A Naval Brush With Fame…



Apparently, Navy Lieut. John Kerry and I passed each other, like ships in the night, as a part of several 120 man companies during SERE (“Survival, Evasion, Resistance and Escape”) training at the Coronado Naval Amphibious Base and Warner Hot Springs in the summer of 1968.

Not surprisingly, I have no recollection of Kerry, as we were all wearing the same green gear.

Nor he of me, I’m quite sure.

In any event, I may have spent more time as a patient in the Navy hospital in Da Nang, Republic of Vietnam than Kerry actually spent in Vietnam.

 But I digress. (And perhaps, exaggerate).


A much more memorable “brush with fame” was my brief acquaintance with Boatswain Mate 2nd class Tommy Barnes during the weapons training cycle at the Horno Range of Camp Pendleton.

Barnes was the coxswain of a naval landing craft (“LCM 6 or 8”) during the Bay of Pigs Invasion in August 1961, delivering anti-Castro Cuban Freedom Fighters  onto a Cuban beach in an attempt to overthrow the duplicitous and evil communist dictator, Fidel Castro.

If you are too young to recall the incident, I’m attaching the following link.


Barnes told me that he drove his boat while dressed in civilian clothing and he carried no documentation that would identify him  as a member of  the United States Navy or any part of the Armed Forces of the United States.

Sadly, another former naval officer, Pres. John F. Kennedy, flinched at the last moment and refused to allow a promised and necessary flight of B-25 bombers to provide air support for the invasion. Their 8 nose-mounted .50 caliber machine guns would’ve made a huge difference in the outcome.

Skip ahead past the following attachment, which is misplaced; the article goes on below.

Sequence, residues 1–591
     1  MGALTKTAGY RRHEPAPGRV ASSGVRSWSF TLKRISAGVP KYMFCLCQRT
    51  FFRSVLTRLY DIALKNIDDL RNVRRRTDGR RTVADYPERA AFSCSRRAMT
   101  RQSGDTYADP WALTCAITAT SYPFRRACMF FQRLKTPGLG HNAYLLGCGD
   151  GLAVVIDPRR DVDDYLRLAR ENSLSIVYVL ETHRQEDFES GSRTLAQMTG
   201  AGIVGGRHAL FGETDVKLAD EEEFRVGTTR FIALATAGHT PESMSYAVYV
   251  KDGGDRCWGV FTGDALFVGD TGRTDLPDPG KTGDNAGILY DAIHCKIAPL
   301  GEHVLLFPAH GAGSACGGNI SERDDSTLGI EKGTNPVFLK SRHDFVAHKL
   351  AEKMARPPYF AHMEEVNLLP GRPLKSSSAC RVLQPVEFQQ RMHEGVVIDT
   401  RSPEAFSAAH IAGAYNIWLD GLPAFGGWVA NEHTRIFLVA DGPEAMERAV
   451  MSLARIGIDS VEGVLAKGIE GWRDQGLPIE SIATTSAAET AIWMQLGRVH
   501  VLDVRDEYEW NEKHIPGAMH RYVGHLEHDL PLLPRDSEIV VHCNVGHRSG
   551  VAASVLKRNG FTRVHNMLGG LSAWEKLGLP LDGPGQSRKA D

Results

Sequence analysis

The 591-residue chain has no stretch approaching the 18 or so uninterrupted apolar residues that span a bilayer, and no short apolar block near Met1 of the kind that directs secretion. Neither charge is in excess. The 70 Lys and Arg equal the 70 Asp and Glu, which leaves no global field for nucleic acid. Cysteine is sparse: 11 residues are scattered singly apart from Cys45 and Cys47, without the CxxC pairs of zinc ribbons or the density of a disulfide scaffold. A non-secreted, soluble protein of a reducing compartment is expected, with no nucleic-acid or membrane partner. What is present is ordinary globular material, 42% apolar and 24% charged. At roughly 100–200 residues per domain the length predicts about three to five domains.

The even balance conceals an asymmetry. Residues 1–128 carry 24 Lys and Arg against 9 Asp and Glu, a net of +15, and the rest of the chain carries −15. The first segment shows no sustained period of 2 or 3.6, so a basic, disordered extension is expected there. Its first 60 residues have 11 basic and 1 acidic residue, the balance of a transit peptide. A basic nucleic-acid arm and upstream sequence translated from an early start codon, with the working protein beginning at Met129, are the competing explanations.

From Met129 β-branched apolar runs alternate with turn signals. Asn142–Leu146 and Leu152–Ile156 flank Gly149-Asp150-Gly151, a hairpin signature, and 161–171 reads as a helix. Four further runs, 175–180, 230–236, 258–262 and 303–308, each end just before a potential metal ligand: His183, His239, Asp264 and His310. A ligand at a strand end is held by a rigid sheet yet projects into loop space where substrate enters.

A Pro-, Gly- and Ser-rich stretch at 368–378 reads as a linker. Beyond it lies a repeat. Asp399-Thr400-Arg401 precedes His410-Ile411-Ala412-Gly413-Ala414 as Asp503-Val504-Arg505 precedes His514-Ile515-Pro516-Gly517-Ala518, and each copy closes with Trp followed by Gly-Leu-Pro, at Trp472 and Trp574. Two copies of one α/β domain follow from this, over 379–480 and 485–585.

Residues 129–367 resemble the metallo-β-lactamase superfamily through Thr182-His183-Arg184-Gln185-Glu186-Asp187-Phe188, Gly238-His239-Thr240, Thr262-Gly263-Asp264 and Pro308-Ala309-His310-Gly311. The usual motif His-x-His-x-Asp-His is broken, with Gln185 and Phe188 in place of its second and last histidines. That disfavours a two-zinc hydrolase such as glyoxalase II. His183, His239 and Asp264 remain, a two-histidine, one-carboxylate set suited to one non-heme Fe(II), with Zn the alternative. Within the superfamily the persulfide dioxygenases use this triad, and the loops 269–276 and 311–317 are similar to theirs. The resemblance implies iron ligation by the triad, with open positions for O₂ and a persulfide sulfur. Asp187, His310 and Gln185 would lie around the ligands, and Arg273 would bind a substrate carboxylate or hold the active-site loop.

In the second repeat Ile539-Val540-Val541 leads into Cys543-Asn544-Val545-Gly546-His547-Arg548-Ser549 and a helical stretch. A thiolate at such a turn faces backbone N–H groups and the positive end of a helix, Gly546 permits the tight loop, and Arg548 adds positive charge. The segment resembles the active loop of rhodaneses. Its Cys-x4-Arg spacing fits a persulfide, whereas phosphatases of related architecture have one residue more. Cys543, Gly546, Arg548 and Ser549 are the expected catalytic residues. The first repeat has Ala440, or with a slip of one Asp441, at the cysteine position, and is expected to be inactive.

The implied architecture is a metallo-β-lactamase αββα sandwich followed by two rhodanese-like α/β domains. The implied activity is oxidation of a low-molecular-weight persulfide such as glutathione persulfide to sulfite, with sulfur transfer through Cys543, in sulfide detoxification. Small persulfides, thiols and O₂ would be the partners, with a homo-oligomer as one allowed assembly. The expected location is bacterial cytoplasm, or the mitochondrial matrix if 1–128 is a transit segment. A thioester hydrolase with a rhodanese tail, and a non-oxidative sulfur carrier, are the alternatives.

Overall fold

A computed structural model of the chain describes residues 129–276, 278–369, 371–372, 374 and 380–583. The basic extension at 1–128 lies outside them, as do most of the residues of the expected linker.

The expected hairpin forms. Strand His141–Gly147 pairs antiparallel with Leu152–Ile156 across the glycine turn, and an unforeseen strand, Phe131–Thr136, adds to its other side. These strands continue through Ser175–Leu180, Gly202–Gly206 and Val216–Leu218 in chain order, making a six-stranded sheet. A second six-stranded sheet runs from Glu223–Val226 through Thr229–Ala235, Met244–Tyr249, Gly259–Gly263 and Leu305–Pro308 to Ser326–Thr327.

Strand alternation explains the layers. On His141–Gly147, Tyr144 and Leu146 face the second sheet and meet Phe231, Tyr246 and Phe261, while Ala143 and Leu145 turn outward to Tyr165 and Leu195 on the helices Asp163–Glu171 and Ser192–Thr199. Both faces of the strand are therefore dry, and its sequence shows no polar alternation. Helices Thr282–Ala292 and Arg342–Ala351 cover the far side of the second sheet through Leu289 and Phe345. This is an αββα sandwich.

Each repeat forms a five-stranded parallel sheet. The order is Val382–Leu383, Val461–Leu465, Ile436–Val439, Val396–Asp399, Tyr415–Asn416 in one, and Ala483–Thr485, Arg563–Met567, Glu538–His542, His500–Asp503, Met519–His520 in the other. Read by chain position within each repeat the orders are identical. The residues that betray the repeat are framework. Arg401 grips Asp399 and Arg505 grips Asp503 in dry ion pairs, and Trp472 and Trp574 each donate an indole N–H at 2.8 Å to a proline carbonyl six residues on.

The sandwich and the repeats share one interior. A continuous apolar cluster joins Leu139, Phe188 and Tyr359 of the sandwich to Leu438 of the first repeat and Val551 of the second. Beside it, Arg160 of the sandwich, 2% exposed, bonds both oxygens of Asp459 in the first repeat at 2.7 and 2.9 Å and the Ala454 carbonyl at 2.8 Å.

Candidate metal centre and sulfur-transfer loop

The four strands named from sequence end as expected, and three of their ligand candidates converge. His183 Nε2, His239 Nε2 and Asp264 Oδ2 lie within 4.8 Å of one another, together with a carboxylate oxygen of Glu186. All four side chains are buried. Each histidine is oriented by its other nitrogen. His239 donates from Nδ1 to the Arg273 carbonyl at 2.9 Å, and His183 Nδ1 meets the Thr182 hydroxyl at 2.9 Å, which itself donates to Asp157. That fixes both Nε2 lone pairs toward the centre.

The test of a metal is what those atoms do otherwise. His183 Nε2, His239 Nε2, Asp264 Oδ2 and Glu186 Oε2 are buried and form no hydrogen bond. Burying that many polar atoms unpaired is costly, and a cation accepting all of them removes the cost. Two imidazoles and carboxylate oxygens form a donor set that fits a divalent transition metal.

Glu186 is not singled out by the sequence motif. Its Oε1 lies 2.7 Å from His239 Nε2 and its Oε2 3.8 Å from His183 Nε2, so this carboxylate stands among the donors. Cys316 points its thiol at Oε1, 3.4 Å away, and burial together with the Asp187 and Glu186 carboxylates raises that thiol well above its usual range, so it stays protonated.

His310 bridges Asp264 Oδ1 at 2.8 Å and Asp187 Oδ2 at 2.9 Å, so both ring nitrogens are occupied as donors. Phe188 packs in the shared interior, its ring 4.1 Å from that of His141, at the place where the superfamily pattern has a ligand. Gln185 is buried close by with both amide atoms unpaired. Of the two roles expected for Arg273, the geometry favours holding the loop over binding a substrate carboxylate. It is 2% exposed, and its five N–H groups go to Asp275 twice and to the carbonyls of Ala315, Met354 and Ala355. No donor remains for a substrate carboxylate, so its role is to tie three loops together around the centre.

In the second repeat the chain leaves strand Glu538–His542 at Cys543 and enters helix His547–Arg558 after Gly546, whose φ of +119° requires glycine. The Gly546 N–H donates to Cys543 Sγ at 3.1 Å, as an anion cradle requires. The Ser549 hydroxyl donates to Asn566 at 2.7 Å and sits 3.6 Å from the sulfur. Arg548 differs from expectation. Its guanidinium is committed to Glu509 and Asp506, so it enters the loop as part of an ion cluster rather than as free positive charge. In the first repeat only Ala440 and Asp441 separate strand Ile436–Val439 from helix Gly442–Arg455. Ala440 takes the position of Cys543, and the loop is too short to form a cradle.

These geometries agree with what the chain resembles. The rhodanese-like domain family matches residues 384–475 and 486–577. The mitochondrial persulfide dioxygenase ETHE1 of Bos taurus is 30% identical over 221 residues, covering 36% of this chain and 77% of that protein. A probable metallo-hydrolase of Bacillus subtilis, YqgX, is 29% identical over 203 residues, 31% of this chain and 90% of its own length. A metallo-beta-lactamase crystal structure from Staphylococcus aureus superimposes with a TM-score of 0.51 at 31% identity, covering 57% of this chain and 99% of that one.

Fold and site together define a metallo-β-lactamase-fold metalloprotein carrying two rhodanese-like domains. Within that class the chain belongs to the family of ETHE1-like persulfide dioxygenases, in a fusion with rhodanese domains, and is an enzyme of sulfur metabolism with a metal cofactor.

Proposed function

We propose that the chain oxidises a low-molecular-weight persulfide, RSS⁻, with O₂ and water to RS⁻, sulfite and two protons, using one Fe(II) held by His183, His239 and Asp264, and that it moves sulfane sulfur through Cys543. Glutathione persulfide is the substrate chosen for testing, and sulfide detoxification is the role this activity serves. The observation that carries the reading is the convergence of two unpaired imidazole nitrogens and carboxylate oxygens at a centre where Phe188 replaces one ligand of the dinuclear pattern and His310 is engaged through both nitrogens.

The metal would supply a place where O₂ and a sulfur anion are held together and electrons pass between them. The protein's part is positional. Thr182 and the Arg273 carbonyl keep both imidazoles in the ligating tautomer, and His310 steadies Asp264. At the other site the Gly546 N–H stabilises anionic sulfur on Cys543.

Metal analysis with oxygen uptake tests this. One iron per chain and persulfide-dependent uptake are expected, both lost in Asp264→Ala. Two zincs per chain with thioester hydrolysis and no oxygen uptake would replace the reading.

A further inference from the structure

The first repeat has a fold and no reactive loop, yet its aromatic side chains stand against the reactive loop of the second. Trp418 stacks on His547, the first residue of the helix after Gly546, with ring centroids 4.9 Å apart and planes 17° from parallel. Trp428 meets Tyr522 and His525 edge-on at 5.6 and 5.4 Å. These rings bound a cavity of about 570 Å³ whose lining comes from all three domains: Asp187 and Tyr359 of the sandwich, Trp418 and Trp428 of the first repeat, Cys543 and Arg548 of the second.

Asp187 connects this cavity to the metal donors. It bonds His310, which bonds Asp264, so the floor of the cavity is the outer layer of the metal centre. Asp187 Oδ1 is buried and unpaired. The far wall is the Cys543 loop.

But I digress again.

As a result, Cuban tanks overlooking the beach were able to wreak havoc on the assault, which ultimately failed and most of the anti-Communist Freedom Fighters were captured and many were executed, while some were merely tortured and imprisoned.

Barnes further told me that his LCM 8 was struck by a shell and sunk as a result, so he he jumped off his sinking vessel, ran down the beach and jumped on the last surviving LCM to get  off the beach, thus avoiding capture.

In keeping with his “devil-may-care” veteran’s attitude, on the night of September 08, 1968, we were all waiting for our flight out of  Norton Air Force Base in San Bernardino for our Flying Tiger “stretch” DC 8 charter to Vietnam,

a seriously inebriated Barnes repeatedly told my mother, to her utter dismay, what a great machine gunner he had  observed that I was during our weapons training phase at Camp Pendleton and that he would be proud to have me be a part of his crew.

I cautioned Barnes that he was scaring my tiny little widowed mother and was also beginning to frighten me, as well.

Needless to say, years later, something on the news will remind me of BM2 Barnes and my brief brush with an important part of American history.

Comments can be made to zakturango@excite.com.

Unless you’re Fidel Castro. 

Hasn’t Fidel arrived in Hell yet?

But I digress, yet again.


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